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Form 8606


Form 8606 is a tax form in the U.S. that is used by taxpayers to report nondeductible contributions to their Individual Retirement Arrangements (IRAs). The form is also used to report distributions from any previous IRAs and conversions from traditional, SEP, or SIMPLE IRAs to Roth IRAs. It ensures that the IRS appropriately taxes IRA distributions.


The phonetic pronunciation of “Form 8606” is: “form eight six zero six.”

Key Takeaways

<ol><li>Form 8606 is a tax form used by taxpayers in the United States. It is filed with the Internal Revenue Service for any year that a non-deductible contribution is made to a Traditional IRA or if a distribution is taken from a Roth or Traditional IRA that has non-deductible contributions.</li><li>The form requires details about the contributions made during the tax year, any distributions or conversions from traditional, SEP, or SIMPLE IRAs and the amount of non-deductible contributions made in previous years. The form helps determine the portion of the distribution that is tax-free.</li><li>Filing Form 8606 accurately is important to avoid double taxation on distributions. In cases where taxpayers do not file Form 8606, when they should, the IRS may charge a $50 penalty.</li></ol>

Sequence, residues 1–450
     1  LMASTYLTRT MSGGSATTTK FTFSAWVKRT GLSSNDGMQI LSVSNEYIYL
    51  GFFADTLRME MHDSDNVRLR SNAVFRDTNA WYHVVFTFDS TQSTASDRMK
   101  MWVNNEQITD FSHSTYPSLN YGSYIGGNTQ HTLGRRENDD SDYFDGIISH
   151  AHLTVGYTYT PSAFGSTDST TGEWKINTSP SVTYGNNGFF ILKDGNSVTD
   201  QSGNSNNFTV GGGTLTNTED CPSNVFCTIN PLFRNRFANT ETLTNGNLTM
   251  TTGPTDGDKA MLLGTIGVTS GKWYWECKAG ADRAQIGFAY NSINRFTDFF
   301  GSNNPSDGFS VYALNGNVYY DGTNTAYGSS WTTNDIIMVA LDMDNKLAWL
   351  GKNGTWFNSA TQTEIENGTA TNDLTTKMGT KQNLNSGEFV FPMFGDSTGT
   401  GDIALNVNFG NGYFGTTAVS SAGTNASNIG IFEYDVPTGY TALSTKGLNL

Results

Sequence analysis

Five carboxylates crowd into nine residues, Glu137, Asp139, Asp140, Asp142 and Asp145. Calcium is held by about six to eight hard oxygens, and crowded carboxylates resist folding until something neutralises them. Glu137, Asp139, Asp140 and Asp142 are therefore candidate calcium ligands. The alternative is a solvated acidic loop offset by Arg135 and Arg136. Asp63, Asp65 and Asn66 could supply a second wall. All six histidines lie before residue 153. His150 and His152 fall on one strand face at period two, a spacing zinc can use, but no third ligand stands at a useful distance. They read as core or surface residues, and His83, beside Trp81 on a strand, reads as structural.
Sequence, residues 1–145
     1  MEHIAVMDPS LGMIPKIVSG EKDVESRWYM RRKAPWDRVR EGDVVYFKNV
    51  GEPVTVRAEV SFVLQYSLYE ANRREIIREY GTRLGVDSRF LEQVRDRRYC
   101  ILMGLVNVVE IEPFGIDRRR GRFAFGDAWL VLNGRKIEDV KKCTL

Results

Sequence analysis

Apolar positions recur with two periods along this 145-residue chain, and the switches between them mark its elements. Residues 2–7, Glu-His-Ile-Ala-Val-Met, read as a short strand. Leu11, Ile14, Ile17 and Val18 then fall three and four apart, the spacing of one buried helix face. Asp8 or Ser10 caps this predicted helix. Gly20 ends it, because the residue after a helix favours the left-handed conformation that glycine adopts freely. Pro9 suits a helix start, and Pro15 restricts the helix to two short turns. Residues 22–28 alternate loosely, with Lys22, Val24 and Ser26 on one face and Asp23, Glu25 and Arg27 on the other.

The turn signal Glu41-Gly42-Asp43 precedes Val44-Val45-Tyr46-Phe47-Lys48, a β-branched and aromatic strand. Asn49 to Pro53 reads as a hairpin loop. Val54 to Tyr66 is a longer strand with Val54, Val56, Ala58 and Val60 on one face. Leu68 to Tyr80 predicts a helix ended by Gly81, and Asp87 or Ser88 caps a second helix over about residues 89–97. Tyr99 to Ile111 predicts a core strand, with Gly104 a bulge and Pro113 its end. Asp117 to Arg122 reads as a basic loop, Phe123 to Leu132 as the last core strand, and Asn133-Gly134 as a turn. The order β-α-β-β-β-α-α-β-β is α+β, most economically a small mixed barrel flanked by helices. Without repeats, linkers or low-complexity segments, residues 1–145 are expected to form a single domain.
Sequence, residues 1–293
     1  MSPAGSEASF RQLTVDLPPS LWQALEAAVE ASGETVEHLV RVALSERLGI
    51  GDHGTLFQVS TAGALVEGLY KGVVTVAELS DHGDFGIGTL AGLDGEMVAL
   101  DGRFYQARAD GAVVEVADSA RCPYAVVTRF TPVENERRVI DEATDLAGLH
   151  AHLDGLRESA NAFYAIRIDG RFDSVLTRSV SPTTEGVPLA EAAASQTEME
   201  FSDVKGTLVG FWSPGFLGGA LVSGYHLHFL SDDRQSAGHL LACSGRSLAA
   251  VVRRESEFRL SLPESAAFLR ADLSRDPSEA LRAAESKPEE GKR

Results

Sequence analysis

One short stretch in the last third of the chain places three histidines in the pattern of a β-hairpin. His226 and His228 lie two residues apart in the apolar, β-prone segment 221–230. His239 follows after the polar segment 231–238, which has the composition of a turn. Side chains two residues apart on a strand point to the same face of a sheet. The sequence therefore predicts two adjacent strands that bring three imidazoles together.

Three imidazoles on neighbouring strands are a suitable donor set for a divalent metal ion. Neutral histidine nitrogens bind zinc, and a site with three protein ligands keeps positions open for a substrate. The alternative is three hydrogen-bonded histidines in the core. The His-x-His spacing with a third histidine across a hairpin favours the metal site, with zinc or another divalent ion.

Form 8606, issued by the Internal Revenue Service (IRS), is an essential tax document used by individuals in the United States to report non-deductible contributions to their Individual Retirement Accounts (IRA). It allows taxpayers to track and report their after-tax contributions to keep them from being doubly taxed when withdrawn. Furthermore, it helps maintain a record of the accumulation of non-deductible contributions over the years and is necessary when distributing non-taxable amounts from the specific types of IRAs. Hence, Form 8606 plays a critical role in ensuring the accurate management of retirement contributions and distributions, facilitating appropriate taxation.


Form 8606 is a tax form used by taxpayers in the United States to report specific types of income and after-tax contributions. The form serves the purpose of documenting nondeductible contributions made to traditional Individual Retirement Accounts (IRAs). By means of Form 8606, the Internal Revenue Service (IRS) is able to ascertain the amount of tax due once funds are withdrawn. The form ensures that taxpayers only pay tax on the earnings portion of their non-deductible IRA contributions, thereby preventing double taxation.In addition to reporting nondeductible contributions to traditional IRAs, Form 8606 is also used to record distributions from Roth IRAs, conversions from traditional, SEP, or SIMPLE IRAs to Roth IRAs, and withdrawals from education accounts. By diligently documenting these figures on Form 8606, taxpayers essentially provide the IRS with an accurate report of their taxable and non-taxable incomes, which in turn allows the IRS to evaluate whether the taxpayers’ contributions fall within the permissible maximum limits.